A negative policy verdict

June 4, 2012
There is perhaps no area of human endeavor more influenced by government policy than the production and use of energy fuel. And the verdict on that influence is negative.

There is perhaps no area of human endeavor more influenced by government policy than the production and use of energy fuel. And the verdict on that influence is negative.

Beginning with President Richard Nixon in 1974, who said, "At the end of this decade, in the year 1980, the United States will not be dependent on any other country for the energy we need," seven succeeding US presidents have made similar policy pronouncements. All have failed, as our oil imports have grown along with global warming emissions. Government-funded renewable energy fuel sources remain trivial contributors to our energy supply.

Despite mandates and subsidies for corn-ethanol motor fuel, 40% of the US corn crop now provides just 7% of US gasoline supply. Along with federal support of soybeans for biodiesel, we have caused large increases in grain prices, more irrigation and its drawdown of aquifers, and excess fertilizer chemistry draining into river systems.

To mitigate the effects of that food-for-fuel policy, Congress enacted the Energy Independence and Security Act (EISA) in 2007. It provided for the production of ethanol fuel from cellulosic nonfood material such as grasses and stalks and leaves left over from corn production. EISA required 250 million gal of cellulose ethanol in 2011, rising to more than 10 billion gal in 2020. We have never made more than 5 million gal/year of cellulose ethanol in subsidized research facilities as there is no practical process for volume production of ethanol from cellulose. Undaunted, Congress recently appropriated $510 million for production plants to make military jet fuel from cellulose and algae. There are fundamental physical limits for that production.

The history of energy policy is one of easily passed public laws which ignore the laws of nature and physics. Major government support of renewable-fuel projects such as wind and solar farms has also had limited success. Wind and solar combined provided about 1% of US total energy in 2011.

One of the most important low-emission energy sources is nuclear fission as practiced in over 400 worldwide power reactors. They operate night and day, wind or calm, and emit only water vapor. They are one successful example of government policy, coming out of the World War II Manhattan Project, and the ensuing research led by Adm. Hyman Rickover which produced naval reactors, from which evolved most of our commercial nuclear power plants.

More recently, public policy has turned away from nuclear as fears of accidents and radiation dominate, especially in western nations like Germany where the Green Party is ascendant. Recently an electric power exporter, Germany has become an importer as eight nuclear plants are shuttered by government decree. Germany has spent $10 billion/year to subsidize 1.1 million solar installations on rooftops and in power plants. They produce little power in the short cloudy days of winter. Germany has become an importer of electricity fueled by nuclear energy from France and the Czech Republic and also from Poland, where electric power is produced by burning brown coal.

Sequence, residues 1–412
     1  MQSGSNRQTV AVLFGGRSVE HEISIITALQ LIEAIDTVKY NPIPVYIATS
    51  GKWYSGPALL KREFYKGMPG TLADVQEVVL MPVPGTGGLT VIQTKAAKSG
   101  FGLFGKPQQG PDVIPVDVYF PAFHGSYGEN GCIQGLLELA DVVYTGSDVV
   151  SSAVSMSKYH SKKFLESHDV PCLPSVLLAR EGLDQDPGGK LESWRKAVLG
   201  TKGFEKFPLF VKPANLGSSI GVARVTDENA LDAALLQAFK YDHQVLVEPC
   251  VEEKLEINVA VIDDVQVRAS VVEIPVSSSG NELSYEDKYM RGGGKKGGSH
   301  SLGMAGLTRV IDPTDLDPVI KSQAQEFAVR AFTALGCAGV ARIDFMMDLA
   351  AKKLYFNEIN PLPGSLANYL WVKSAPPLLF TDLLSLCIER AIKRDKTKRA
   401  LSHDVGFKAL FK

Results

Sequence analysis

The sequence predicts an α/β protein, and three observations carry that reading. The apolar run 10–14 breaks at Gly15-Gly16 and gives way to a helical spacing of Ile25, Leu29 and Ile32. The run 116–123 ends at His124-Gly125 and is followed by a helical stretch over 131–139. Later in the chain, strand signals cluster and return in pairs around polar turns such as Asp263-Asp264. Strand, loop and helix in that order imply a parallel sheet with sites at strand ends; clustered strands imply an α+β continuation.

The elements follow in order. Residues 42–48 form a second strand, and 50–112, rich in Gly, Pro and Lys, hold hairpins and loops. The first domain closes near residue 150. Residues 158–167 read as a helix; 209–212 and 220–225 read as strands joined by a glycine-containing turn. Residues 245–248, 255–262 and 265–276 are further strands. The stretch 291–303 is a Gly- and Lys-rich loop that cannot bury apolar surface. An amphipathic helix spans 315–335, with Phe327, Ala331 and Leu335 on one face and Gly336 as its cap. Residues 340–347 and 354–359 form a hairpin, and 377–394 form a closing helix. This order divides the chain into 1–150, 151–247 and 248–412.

The attitude of German industry toward current public policy was stated recently by Jurgen Grossmann, the chief executive officer of Germany's energy utility giant RWE. He said, "The subsidization of solar energy in Germany was as useful as growing pineapples in Alaska."

A reform of energy policy must be with programs which make better use of energy. This includes obvious conservation from more-efficient lighting, insulated buildings, and European-style mass transit.

The US will also need more nuclear energy where each finger joint-sized uranium fuel pellet has the energy potential of tons of polluting coal. Scores of Westinghouse AP 1000 reactors are under construction in Asia. Nuclear plants have the capacity and availability to replace power from coal.

The development of large new natural gas reserves through horizontal drilling and hydraulic fracturing can be regulated through uniform national standards. Tens of thousands of those hydraulically fractured wells operate safely, but the danger to freshwater supplies exists if the wells are not properly cased and managed.

EIA forecasts to 2035 tell us that fossil fuels will dominate energy supplies during that entire period. Much US need for oil imports can be safely met by the vast oil sands in Alberta, assuming properly constructed pipelines like Keystone XL are approved. The environmental issues in Alberta are best left to the governments of Alberta and Canada, whose people love their lands and waters.

Finally, subsidies for wind, solar, and range-limited electric vehicles should be gradually reduced and their fate left to the marketplace. Taxing the public to give money to the wealthy, who can afford to purchase expensive electric vehicles or decorate roofs with solar panels, is poor policy.

Public policy shines best in support of new technology and basic energy research, but its glow dims when it tries to force large-scale implementation of unproven processes.

Rolf Westgard
Professional member, Geological Society of America
St. Paul, Minn.

More Oil & Gas Journal Current Issue Articles
More Oil & Gas Journal Archives Issue Articles
View Oil and Gas Articles on PennEnergy.com